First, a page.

Jeffrey G. Ogbar

 

On his book Hip-Hop Revolution: The Culture and Politics of Rap

Cover Interview of September 30, 2009

Lastly

Ultimately, this book explores the culture and politics of hip-hop by providing a broad historic context and wide-ranging use of sources and texts.  If your favorite rapper has sold anywhere near gold in the last twenty years, chances are I consider his or her impact and contribution to the art.  I look at activism, policy, race, gender, class and intellectual engagement in hip-hop.  I think that laypeople will be surprised to see exactly how diverse the hip-hop community in the U.S. is.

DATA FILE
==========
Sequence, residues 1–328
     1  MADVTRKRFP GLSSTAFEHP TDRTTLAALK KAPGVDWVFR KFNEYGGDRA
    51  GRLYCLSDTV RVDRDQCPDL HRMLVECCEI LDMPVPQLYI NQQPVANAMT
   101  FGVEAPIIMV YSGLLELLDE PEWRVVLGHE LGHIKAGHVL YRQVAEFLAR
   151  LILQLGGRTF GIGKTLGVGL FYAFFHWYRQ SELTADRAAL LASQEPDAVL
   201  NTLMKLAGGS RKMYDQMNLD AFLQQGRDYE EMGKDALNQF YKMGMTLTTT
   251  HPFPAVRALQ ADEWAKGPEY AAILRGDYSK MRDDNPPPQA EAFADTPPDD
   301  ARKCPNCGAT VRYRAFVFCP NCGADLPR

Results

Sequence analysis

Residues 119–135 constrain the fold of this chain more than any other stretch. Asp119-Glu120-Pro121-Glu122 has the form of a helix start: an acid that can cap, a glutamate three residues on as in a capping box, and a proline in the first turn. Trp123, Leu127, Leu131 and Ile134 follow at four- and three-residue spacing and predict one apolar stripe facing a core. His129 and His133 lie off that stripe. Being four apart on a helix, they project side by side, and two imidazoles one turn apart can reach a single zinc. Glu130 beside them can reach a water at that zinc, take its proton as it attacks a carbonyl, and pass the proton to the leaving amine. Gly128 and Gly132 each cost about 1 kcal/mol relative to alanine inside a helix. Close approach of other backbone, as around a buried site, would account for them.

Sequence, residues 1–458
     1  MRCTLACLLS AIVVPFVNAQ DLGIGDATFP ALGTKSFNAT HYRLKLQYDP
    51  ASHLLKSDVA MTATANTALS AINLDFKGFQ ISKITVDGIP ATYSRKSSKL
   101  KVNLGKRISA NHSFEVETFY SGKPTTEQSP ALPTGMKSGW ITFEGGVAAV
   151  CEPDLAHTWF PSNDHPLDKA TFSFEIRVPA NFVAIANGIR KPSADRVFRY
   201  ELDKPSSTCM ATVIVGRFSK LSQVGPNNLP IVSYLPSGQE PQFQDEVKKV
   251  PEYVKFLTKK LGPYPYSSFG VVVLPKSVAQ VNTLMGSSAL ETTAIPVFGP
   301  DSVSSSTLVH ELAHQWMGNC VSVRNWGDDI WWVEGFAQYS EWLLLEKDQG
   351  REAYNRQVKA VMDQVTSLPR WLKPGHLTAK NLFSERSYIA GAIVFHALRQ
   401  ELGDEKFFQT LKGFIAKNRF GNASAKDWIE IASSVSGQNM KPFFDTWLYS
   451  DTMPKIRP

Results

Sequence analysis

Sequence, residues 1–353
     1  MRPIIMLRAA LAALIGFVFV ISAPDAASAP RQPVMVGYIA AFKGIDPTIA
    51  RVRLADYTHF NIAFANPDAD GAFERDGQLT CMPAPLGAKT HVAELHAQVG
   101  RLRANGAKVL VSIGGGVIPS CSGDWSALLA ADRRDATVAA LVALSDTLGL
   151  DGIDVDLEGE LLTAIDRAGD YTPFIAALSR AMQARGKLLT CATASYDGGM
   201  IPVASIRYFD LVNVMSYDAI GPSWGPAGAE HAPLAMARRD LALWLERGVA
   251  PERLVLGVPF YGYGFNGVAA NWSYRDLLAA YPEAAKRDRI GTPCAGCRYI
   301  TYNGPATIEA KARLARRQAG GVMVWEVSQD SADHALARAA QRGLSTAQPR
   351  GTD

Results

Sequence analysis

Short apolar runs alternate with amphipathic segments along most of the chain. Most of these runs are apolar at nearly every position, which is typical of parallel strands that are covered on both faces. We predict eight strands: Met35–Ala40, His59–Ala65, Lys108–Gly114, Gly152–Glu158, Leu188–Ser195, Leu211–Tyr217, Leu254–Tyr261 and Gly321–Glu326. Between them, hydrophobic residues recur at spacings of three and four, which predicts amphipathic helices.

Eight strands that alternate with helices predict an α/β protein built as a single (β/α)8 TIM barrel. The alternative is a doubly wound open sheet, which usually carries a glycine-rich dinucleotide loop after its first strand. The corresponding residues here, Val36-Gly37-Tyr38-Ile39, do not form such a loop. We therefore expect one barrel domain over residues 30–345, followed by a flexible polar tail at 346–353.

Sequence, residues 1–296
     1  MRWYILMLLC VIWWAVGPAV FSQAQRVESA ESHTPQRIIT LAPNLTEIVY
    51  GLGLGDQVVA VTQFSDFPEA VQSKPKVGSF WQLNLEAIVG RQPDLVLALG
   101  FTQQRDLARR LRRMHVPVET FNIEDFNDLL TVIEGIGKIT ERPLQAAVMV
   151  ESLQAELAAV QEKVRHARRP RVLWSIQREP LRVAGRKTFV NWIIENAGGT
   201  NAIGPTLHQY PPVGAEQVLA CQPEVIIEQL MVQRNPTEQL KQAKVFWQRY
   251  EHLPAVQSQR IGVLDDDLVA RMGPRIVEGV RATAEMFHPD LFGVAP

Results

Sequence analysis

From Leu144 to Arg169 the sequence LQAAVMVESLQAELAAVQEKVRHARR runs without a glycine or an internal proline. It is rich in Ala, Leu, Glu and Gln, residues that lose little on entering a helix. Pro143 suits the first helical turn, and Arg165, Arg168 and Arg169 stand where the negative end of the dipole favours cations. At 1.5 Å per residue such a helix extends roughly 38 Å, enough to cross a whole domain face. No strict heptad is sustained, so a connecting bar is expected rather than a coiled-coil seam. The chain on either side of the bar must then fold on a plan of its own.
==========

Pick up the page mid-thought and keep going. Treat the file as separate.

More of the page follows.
Moreover, many hip-hop denizens of a divided hip-hop nation may be surprised at the range of expression among artists.  Others will be amazed to see how many of the current debates about artistic direction and “authenticity” are identical to those of the Harlem Renaissance in the 1920s.  It really offers a broad historical and social exploration of the nexus of generation, gender, class and race in the context of America’s latest truly unique artistic gift to the world.

Finally, I think that this book offers a cursory history of African Americans since the Civil Rights and Black Power movements, but exploring the socio-economic landscape, demographic shifts, and debates that have characterized the last forty years, with a particular attention to younger people.


© Jeffrey Ogbar